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Hapton’s badge of honour

HERITAGE SHIELD: MP Gordon Birtwistle presenting the coat of arms  to parish council vice chairman Harry Kayley.

HERITAGE SHIELD: MP Gordon Birtwistle presenting the coat of arms to parish council vice chairman Harry Kayley.

A historic day for Hapton saw the village’s new coat of arms unveiled for the first time.

Villagers came to see the heraldic shield which depicts the rich heritage of the centuries-old settlement.

Burnley MP Gordon Birtwistle presented the letters patent scroll and the coat of arms to Hapton Parish Council vice chairman Harry Kayley during a special ceremony.

The shield was created to commemorate the history of the village and was produced by the Queen’s Herald at the College of Arms in London.

It features elements of the village’s proud medieval and industrial past including Hapton Castle, the Leeds & Liverpool Canal and becoming the first village in Britain with electricity.

Jennifer Butterfield, secretary of the Hapton Heritage Group, said it was a really good day with lots of people attending the ceremony.

Explaining the coat of arms, she said: “It was awarded by the Earl Marshall at the London College of Arms and confers the right of Hapton Parish Council to bear a coat of arms on all its documentation.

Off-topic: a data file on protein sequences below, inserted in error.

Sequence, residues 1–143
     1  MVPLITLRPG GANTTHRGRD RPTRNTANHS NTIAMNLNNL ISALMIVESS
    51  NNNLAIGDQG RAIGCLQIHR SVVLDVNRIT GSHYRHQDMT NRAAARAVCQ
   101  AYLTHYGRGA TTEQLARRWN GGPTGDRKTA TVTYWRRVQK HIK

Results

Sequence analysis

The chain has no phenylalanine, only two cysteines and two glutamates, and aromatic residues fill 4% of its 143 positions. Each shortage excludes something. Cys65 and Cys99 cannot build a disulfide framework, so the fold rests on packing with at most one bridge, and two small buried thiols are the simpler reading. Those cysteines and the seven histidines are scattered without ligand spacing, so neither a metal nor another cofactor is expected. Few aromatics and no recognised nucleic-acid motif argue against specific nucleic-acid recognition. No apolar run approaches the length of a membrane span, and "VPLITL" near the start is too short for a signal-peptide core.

“It is an abstract design on the shield which represents the motorway running through the village and the wavy lines are the canal.

“The cogs of industry represent Hapton’s industrial past along with the castle battlements. The rays of light show the fact that Hapton was the first village in England to have electric street lighting.”

The shield is set to appear on road signs and information boards around the village.

However, the heritage group are now looking for a permanent home for the letters patent which were funded with the help of the Heritage Lottery Fund.

Jennifer said: “We need to think about the safe keeping of the valuable documents so we have to archive them somewhere.

“It should be on display for the people of Hapton but we don’t have anywhere to actually keep it safely.

“They could go to Towneley Hall or the Lancashire Archives.”

 

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